Keywords: NEAT1; has-miR-339-5p; diabetic kidney disease; mesangial cell; lncRNA; miRNA NEAT1; has-miR-339-5p; diabetic kidney disease; mesangial cell; lncRNA; miRNA

1. Introduction

With its latest report, the International Diabetes Federation estimated diabetes prevalence at 463 million people for 2019 and prognosticates an increase to 700 million by 2045. An estimated 90% of these individuals are affected by type 2 diabetes mellitus (T2DM) [1]. Approximately 40% of T2DM patients develop diabetic kidney disease (DKD), which represents the leading cause of end-stage renal disease (ESRD) with the ultimate requirement of renal replacement procedures [2]. Diabetes-mediated chronic hyperglycemia induces hyperfiltration [3] as well as the onset and development of renal injury, including chronic inflammation [4], podocyte foot process effacement and detachment leading to albuminuria [3,5,6], extracellular matrix (ECM) expansion, glomerular sclerosis [7], and a declining glomerular filtration rate (GFR) [8].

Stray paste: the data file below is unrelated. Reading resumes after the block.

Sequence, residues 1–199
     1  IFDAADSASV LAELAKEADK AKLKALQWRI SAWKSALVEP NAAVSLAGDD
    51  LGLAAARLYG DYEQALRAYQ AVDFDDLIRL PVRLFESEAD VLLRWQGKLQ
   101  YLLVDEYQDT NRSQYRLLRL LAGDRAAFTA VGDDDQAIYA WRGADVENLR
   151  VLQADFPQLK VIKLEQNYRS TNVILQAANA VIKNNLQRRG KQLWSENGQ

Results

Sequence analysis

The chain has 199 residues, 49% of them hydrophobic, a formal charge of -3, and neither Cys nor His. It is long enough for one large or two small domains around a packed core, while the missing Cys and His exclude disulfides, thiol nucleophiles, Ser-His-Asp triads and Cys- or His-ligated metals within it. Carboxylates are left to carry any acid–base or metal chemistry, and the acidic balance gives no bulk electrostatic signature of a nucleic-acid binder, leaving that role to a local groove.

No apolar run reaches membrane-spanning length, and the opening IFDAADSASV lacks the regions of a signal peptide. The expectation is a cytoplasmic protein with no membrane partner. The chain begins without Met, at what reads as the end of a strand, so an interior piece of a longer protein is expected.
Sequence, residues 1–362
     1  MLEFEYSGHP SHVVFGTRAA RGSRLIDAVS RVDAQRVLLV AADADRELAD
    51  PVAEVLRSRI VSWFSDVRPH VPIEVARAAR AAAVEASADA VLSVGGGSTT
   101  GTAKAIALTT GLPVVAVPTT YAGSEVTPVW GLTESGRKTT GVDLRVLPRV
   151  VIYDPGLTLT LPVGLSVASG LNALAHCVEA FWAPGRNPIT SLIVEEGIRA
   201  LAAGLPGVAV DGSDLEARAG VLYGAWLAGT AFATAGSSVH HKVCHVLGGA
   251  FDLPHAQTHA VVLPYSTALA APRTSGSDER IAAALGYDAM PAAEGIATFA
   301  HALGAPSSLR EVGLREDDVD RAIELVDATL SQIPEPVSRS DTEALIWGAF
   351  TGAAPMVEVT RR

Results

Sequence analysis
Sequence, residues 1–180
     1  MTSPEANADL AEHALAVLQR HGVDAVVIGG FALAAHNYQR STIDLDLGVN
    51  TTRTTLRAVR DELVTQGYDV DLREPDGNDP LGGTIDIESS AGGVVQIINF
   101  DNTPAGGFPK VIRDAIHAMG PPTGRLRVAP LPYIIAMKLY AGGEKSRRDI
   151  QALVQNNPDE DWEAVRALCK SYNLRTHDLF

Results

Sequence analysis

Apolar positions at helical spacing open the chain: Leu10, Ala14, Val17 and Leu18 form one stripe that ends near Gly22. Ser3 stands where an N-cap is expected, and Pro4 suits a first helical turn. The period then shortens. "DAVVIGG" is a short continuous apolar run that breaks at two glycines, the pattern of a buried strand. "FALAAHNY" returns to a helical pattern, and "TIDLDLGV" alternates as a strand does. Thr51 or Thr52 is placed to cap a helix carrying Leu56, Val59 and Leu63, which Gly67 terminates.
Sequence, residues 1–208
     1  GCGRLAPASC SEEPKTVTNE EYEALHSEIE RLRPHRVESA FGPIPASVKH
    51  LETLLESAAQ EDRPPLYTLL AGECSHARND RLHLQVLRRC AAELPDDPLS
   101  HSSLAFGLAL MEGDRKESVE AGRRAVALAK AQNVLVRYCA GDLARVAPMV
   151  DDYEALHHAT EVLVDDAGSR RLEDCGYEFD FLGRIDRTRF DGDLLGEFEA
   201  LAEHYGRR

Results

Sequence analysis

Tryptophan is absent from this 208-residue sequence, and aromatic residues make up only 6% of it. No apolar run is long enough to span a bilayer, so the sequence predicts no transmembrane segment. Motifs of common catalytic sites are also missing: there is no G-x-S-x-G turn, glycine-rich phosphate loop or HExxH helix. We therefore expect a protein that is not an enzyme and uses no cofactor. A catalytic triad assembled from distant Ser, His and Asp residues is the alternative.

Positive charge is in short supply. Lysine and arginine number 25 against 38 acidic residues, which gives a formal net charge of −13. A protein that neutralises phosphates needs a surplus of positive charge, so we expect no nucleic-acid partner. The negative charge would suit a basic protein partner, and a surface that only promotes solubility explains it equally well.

In brief, mesangial cells (MCs) are essential for maintenance of structure, function, and integrity of the glomerular capillary tuft and are in continuous cross-talk with adjacent podocytes and endothelial cells. Besides, they share characteristics with smooth muscle cells (SMCs) [9]. T2DM and recurring hyperglycemia, however, induce diabetic injury in MCs comprising hypertrophy [10], ECM protein synthesis [11], and endoplasmic reticulum (ER) stress [12]. Strikingly, T2DM can result in both proliferation and ECM accumulation [11] and, in contrast, in apoptosis and mesangiolysis [13,14]. But the underlying mechanisms, which prescribe the direction, remain elusive [15].